$11 million boost to education in Solomon Islands
20 October 2003 Media Statement
$11 million boost to education in Solomon Islands
Aid Minister Marian Hobbs has announced an $11 million funding boost to the Solomon Islands next year, to improve access to basic education in one of the Pacific’s poorest nations.
NZAID, the New Zealand government’s international aid and development agency, has committed $11 million to help the Solomon Islands Ministry of Education and Human Resources introduce a number of basic education programmes within the island nation’s strategic plan for education. This funding will be in addition to the Solomon Island government’s contribution to education, pegged at 22 percent of the total budget.
Currently only 20 percent of children in the Solomon Islands complete primary school, and functional adult literacy is as low as 22 percent. Marian Hobbs said access to quality basic education was vital in a developing country like the Solomon Islands, as the downstream effects were greater economic growth and better incomes. But some isolated communities had virtually no access to education.
"Access to even the most basic education is a human right. It is an investment in the future labour force – education and employment go hand and hand," Marian Hobbs said.
"Low levels of education are a constraint to investment and the economic growth and jobs that come out of investment. Education is an asset that we are committed to deliver to this and future generations of Solomon Islanders."
Work plans for 2004 are still to be finalised, but the $11 million funding injection will go toward paying primary school teachers’ salaries, providing basic teaching materials, and updating the education curriculum, which has not been revised for a decade.
"This is NZAID’s single largest commitment to a sector, and one desperately needed in a country where conflict and economic crisis has seen education run down and neglected for years.
"Our commitment has always been to get a qualified primary school teacher into every classroom and all Solomon Island boys and girls into primary school. Through this funding, we can start to see that happening."
Already this year, NZAID has committed to spend $3.5 million to provide basic learning materials and supplies such as wall charts, maths equipment and other learning aids ($568,000); to print and distribute textbooks ($2.2 million); and to pay the salaries of 270 new teachers ($432,000).
Access to quality education is a key priority for NZAID, and the Solomon Islands is expected to receive similar funding packages for education until 2008.
What’s the current state of education in the Solomon Islands?
- Only 20 percent of children
complete primary school – the lowest rate in the Pacific.
Most students are pushed out after year six, and only 4
percent stay on to year 12.
- The school-age population is growing by 3 percent a year, increasing the demand on education services over the next 10 years.
- Education services have been seriously disrupted because of the conflict which rose out of a coup in 2000, and education facilities are deficient and instructional materials non-existent in most schools.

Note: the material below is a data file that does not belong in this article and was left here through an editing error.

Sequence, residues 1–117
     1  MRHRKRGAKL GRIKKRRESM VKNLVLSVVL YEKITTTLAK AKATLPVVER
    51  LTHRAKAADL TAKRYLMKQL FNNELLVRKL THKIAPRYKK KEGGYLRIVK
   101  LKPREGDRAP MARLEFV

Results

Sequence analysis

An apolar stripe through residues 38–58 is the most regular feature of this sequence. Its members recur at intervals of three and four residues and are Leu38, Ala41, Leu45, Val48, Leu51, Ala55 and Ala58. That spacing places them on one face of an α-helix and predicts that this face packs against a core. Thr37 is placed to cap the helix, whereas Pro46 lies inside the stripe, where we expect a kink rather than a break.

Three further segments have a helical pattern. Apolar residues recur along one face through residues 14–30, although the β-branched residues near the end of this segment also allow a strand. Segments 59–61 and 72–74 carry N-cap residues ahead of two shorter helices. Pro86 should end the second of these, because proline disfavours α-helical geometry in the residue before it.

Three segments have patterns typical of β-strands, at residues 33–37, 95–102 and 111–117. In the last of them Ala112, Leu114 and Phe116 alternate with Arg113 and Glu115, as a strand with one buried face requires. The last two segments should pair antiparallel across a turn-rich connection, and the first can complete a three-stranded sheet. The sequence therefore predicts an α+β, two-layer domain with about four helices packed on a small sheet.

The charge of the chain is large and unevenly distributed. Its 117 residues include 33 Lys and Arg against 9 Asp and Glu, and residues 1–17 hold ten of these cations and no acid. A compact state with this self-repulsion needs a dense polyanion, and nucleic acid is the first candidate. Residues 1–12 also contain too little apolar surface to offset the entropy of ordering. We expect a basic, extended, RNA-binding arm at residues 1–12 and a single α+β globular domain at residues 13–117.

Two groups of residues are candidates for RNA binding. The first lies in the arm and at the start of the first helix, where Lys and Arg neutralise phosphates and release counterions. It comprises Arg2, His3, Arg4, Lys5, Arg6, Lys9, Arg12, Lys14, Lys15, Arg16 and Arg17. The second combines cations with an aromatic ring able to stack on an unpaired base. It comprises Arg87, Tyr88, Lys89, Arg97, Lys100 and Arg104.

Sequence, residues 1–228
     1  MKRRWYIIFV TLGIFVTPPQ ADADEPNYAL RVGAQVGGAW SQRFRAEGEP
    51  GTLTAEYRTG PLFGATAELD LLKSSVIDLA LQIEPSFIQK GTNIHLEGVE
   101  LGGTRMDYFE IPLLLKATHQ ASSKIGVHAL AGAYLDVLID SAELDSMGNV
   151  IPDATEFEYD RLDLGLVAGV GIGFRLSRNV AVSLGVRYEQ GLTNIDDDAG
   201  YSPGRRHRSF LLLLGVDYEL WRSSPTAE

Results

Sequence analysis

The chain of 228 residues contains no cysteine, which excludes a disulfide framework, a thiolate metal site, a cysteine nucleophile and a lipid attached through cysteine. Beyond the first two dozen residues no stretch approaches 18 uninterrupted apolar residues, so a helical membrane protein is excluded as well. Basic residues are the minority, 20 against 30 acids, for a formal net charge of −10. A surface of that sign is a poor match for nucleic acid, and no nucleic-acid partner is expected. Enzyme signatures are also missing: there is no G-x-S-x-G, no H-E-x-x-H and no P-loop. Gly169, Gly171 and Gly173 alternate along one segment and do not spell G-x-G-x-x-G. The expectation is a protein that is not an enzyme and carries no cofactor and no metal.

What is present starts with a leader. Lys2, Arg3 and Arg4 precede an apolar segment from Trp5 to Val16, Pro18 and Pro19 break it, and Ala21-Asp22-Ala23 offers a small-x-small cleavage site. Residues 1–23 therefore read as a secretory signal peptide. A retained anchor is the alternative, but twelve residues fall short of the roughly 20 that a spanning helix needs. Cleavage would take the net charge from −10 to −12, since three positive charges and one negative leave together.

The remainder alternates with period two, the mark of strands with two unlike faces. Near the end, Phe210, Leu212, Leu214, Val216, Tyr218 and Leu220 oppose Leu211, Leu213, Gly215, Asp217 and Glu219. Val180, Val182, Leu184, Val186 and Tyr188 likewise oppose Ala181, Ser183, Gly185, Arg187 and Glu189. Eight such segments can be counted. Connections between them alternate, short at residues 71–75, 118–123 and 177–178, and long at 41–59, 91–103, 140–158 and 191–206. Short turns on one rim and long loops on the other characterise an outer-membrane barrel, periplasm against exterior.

- Trained teachers are in short supply (an estimated 20 percent are untrained), teachers are inefficiently deployed, unsupervised, badly managed and demoralised. The economic crisis meant that teachers were paid only irregularly.
Why focus on basic education?
Quality basic education contributes to economic
growth, raises poor people’s income, and helps eliminate
poverty, which is central to the core operating principles
of NZAID. Education is a key component of the Solomon
Islands Government’s National Economic Recovery and
Development Plan 2003-05.
Quality basic education also contributes to the achievement of other development goals, such as improved health, better nutrition, improved productivity, improved governance, lower fertility rates, and the elimination of gender disparities in society.
Where’s the funding going this year?
the Solomon Islands Ministry of Education and Human
Resources (MEHR) have approved a total of $3.5 million on
education in 2003, including
- Primary school operational grants, to pay for basic equipment ($568,000)
- Marking of national examinations ($221,000)
- Reprinting, storing and distributing existing basic instructional materials, including the establishment of baselines for learning achievement ($2.2 million)
- A teacher supply and demand study ($11,000)
- Salaries for 270 newly appointed teachers ($432,000)
- Planning for a primary and secondary teacher validation exercise ($5700)
- The National Education Board ($22,000)
- Education Strategic Plan ($44,000)
What are the priority areas for the $11 million next year?
Work plans for 2004 are still being
prepared, but the funding will be distributed within the
following strategic programme areas:
- Improved funding of primary and junior secondary schools
- Curriculum review, updated and improved student assessment, and achievement and maintenance of student:textbook ratio of 1:1
- Establishing a national teacher management committee, improvement of teacher supply, and teacher recruitment, deployment, management, supervision and development
- Community-managed construction of storage facilities for textbooks, and classrooms for the neediest primary schools.
Where do I find out more about NZAID’s
programme in the Solomon Islands?
Visit www.nzaid.govt.nz to view the Solomon Islands fact sheet.